Industry trade body Asifma has added its voice to concerns raised by long-only fund managers over hurdles to their participation in the new Shanghai-Hong Kong Stock Connect scheme.
Share-transfer and pre-delivery requirements are two roadblocks preventing investors using the link to trade mainland stocks, noted Mark Austen, CEO of the Asia Securities Industry & Financial Markets Association.
Shares traded through Stock Connect are held by the Hong Kong Securities Clearing Company (HKSCC) on behalf of investors. China’s securities regulator views these shares as being held by a nominee, meaning they are neither HKSCC’s assets nor owned by the beneficial investors.
Asifma has pointed out that there is no mechanism in China or Hong Kong for identifying the beneficial owners of A-shares held by HKSCC.
Austen said investors might not be able to exercise their rights as beneficial owners if the nominee refused to do so.
Many international buy-side market participants are unable to use Stock Connect because their regulator forbids them from delivering stocks to a broker prior to a trade, or because they often make the decision to trade on the same day as they execute the transaction, noted Austen.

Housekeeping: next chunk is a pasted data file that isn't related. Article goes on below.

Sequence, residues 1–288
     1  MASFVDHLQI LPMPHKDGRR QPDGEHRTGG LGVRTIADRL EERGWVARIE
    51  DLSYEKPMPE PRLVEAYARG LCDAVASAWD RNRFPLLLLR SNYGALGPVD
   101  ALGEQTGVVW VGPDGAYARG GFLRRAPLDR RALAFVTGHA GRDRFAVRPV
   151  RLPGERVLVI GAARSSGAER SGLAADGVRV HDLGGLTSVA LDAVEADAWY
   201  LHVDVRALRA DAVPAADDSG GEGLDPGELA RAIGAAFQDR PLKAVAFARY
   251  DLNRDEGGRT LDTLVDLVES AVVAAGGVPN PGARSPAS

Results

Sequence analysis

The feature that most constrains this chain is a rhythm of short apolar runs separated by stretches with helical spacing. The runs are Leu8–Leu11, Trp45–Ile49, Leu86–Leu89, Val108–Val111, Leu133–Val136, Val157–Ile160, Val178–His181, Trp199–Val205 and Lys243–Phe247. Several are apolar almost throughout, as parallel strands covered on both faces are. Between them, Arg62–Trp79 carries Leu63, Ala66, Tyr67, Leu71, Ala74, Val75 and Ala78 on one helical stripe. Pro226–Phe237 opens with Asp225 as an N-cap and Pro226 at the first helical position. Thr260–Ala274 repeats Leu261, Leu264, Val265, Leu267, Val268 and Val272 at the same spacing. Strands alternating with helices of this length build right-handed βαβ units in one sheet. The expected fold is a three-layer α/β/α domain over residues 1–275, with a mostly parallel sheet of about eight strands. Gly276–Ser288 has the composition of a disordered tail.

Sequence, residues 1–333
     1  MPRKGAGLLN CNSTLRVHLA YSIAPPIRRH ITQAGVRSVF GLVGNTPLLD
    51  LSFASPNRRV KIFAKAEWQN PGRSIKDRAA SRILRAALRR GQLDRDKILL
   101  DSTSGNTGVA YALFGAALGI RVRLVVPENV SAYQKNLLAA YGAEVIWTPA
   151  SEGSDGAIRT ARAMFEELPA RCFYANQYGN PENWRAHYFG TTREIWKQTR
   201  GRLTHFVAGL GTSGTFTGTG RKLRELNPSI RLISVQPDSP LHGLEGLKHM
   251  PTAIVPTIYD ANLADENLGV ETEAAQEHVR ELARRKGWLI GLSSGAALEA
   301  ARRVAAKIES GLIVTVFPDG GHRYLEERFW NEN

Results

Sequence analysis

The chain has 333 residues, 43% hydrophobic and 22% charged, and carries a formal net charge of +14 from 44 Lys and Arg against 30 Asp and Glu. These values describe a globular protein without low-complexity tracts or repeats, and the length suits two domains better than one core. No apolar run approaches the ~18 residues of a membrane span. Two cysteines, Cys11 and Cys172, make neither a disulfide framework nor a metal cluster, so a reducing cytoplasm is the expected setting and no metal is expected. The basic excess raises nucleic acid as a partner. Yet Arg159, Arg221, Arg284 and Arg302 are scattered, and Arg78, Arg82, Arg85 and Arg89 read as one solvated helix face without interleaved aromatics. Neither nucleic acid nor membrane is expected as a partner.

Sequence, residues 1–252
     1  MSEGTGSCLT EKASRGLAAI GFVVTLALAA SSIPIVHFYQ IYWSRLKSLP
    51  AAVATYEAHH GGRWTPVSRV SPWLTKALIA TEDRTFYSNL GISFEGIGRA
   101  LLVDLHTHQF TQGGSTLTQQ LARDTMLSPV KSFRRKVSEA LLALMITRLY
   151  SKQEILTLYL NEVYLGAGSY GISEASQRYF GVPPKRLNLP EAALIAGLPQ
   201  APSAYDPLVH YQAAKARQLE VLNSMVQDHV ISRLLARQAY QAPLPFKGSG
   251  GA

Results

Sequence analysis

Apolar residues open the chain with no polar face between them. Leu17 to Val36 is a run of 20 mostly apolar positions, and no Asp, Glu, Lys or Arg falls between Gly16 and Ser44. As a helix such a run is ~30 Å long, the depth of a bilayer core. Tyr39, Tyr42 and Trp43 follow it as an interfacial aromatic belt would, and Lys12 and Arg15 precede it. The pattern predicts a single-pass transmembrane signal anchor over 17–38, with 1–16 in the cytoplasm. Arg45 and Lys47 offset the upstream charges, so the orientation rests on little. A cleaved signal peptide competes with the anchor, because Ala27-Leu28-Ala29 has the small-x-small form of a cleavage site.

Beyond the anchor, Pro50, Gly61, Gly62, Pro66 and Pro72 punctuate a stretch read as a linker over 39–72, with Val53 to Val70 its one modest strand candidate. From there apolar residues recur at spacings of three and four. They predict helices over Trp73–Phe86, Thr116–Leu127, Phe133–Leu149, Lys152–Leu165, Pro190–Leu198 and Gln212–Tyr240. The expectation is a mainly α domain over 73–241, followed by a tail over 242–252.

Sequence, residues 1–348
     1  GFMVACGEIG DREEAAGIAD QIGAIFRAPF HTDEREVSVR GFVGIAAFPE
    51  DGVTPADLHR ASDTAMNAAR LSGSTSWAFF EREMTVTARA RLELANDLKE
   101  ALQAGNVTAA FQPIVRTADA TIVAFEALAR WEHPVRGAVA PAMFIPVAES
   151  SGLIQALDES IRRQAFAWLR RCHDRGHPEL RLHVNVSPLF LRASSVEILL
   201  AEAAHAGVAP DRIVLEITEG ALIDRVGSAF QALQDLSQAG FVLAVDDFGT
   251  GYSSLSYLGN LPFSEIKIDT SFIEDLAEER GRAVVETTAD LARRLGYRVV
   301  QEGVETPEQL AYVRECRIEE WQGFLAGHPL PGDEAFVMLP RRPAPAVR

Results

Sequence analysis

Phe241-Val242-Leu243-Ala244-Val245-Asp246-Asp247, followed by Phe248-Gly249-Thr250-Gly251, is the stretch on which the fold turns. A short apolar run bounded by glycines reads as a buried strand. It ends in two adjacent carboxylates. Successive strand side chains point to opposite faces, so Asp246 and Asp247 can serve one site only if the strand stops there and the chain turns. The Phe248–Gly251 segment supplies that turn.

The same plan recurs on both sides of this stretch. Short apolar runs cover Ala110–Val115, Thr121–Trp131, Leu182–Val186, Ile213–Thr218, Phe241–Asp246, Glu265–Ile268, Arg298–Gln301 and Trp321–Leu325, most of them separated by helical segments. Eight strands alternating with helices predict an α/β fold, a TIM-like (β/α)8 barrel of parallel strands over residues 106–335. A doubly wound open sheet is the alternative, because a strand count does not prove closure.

Luxembourg-domiciled mutual funds must gain approval from the country’s regulator, the Commission de Surveillance du Secteur Financier, to use Stock Connect. Last week, it granted one Ucits fund approval, according to a Bloomberg report.
“From our understanding, that was a one-off case and not necessarily an indication that a stream of Luxembourg funds will get approval,” Austen said. He said he did not know the identity of the fund in question.
Austen noted that regulators in Hong Kong and China are aware of the issues and said he expects them to tackle the pre-delivery concerns in the first half of next year.
Asifma said it expected Stock Connect to be expanded to include other onshore Chinese assets, such as exchange-traded funds, CSI 300 futures contracts, commodity futures and bonds.
The trading link was officially launched on November 17, with early volumes seen as generally muted. Northbound trades yesterday reached Rmb45.4 billion, or 15% of the aggregate quota.
Most long-only managers that have received qualified foreign institutional investor (QFII) quota are not using Stock Connect, added the association, and most trading in the first two weeks has been by hedge funds.